You extol the fact that many apps available for iOS are also available to Android and I won't disagree with that. However, when apps by the same name and from the same author are placed side-by-side the iOS version is reported by most reviewers as feeling more 'complete' or 'finished'; in other words, more attention to detail in the iOS version. So yes, downloaded apps are a factor.
Web apps, on the other hand, are less of one. Sure, any browser can access web apps and they can do many if not most of the same tasks, but now your network overhead is massively increased--especially when you're using the device remotely and have limited, if any, network access. This is where the downloaded app especially shines.
Virtualized desktop is little different from Web Apps--you're still network intensive if not more so because now you're using a networked access to a device that itself uses network access to perform its tasks; double overhead.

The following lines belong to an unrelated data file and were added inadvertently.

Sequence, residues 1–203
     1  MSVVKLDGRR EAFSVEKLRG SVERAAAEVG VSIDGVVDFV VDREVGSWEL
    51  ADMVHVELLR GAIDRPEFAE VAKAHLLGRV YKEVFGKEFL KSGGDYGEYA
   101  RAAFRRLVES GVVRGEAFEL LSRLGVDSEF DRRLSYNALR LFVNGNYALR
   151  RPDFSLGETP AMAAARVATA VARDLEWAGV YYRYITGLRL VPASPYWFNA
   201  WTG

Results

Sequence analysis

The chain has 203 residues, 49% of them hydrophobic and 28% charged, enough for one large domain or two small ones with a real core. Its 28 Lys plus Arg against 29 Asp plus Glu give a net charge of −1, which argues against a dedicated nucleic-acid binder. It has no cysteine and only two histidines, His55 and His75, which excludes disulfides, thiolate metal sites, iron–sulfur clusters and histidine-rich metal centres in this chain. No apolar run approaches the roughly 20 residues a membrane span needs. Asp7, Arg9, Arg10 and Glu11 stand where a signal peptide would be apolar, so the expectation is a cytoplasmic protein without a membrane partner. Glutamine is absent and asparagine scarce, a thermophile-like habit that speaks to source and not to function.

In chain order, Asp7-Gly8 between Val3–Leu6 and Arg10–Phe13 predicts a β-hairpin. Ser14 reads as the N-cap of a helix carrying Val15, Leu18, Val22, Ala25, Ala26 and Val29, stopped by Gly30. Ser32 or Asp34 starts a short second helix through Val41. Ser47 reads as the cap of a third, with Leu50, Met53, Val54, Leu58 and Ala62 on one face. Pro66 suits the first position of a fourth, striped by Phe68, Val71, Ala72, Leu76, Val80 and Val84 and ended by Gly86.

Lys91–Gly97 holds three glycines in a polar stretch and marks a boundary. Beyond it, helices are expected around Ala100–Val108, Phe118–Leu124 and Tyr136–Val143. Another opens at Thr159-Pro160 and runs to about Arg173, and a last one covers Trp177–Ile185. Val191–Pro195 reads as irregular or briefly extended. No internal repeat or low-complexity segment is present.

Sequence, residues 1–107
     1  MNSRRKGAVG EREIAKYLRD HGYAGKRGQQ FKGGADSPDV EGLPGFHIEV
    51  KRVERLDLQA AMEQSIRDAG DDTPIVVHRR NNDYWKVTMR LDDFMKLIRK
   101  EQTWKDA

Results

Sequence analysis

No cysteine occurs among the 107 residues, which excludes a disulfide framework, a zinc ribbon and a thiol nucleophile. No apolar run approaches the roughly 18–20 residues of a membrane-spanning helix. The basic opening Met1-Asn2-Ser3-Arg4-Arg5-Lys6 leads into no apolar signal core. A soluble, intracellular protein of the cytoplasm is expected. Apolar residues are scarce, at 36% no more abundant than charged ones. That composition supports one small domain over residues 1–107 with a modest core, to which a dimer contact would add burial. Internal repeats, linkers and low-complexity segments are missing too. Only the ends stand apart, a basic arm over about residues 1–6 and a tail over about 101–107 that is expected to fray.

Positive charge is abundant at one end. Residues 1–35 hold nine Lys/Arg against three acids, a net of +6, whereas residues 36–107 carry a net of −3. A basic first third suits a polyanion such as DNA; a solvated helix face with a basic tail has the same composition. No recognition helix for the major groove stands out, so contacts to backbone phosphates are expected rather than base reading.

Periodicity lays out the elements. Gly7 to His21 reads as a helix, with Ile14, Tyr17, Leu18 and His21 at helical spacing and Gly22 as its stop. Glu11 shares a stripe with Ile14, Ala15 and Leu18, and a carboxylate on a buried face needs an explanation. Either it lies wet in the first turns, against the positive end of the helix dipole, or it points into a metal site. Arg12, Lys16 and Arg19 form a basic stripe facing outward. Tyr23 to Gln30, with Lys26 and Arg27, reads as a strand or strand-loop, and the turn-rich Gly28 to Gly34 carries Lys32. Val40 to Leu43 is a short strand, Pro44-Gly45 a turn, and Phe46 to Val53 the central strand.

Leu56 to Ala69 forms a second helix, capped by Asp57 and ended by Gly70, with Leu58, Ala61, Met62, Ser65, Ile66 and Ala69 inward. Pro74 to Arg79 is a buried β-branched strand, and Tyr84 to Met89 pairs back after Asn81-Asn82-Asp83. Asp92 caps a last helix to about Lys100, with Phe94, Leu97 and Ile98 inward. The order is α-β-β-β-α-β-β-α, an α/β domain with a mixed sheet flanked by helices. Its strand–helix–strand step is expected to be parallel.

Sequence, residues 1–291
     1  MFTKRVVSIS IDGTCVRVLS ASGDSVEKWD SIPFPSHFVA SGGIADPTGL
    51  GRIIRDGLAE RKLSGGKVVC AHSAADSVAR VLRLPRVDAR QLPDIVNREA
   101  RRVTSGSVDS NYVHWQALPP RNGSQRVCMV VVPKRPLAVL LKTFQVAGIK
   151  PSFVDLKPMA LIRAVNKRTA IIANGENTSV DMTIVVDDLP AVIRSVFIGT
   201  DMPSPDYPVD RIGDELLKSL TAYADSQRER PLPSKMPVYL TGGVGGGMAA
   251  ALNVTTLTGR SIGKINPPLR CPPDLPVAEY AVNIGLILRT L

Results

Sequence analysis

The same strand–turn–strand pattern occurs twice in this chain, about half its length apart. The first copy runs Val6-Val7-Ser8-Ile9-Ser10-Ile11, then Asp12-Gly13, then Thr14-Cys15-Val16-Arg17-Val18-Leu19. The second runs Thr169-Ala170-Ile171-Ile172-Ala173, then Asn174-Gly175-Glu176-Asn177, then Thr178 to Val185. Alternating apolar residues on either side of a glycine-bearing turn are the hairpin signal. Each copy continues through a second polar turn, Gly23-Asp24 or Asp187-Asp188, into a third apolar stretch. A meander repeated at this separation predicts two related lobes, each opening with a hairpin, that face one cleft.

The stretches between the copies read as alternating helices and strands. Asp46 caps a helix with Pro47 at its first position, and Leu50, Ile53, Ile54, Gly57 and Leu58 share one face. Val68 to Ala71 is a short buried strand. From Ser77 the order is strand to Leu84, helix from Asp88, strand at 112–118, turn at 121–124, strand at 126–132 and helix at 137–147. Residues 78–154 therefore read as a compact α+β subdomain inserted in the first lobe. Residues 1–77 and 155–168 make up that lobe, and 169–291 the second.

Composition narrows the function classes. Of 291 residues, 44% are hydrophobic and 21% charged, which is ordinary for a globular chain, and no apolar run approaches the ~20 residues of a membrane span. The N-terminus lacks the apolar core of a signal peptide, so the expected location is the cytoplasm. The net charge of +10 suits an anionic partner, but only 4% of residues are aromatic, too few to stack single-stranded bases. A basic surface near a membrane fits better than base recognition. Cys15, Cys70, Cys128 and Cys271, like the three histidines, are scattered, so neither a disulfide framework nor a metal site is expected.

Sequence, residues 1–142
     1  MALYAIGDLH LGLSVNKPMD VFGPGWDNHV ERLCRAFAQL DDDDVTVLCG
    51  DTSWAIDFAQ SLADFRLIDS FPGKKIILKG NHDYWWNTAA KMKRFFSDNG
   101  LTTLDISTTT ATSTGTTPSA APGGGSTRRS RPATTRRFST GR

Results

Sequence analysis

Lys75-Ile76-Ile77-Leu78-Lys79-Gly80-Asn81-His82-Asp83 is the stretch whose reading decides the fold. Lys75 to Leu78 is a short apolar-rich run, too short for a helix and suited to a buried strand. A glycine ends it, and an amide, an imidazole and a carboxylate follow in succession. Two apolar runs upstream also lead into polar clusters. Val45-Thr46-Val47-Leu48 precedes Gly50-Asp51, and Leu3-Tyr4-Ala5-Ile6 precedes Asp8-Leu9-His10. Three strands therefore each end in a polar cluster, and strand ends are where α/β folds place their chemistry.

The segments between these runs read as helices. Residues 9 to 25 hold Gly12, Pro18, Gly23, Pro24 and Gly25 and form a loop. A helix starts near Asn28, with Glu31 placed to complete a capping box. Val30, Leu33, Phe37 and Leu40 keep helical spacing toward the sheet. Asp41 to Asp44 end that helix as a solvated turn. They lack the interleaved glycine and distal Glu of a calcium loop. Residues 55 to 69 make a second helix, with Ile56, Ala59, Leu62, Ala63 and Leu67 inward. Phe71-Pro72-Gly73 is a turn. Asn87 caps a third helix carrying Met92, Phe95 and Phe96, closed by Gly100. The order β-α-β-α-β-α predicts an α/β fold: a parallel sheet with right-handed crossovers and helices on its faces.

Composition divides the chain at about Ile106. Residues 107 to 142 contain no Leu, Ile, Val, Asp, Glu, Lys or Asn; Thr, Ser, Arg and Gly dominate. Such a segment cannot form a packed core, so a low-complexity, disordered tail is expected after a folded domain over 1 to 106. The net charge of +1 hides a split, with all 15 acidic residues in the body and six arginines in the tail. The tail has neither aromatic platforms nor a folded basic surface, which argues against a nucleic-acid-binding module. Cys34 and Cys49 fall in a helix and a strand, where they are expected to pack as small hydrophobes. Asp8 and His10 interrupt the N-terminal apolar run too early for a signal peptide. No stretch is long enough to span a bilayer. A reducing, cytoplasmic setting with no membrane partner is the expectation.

Enterprise app development is really the more efficient means. The app can be made to meet the enterprise's individual needs without having to rely on more generalized applications that may be too much or too little for that particular business. Years ago--not long after the iPhone itself first came out, some businesses were already looking at how they could best use these devices. As of now, iOS devices are by far more accepted by the enterprise itself due to its relative security and--believe it or not--walled garden approach to app installation. While some of these businesses also develop Android apps for their customers, they're not readily accepting them within their network environments.
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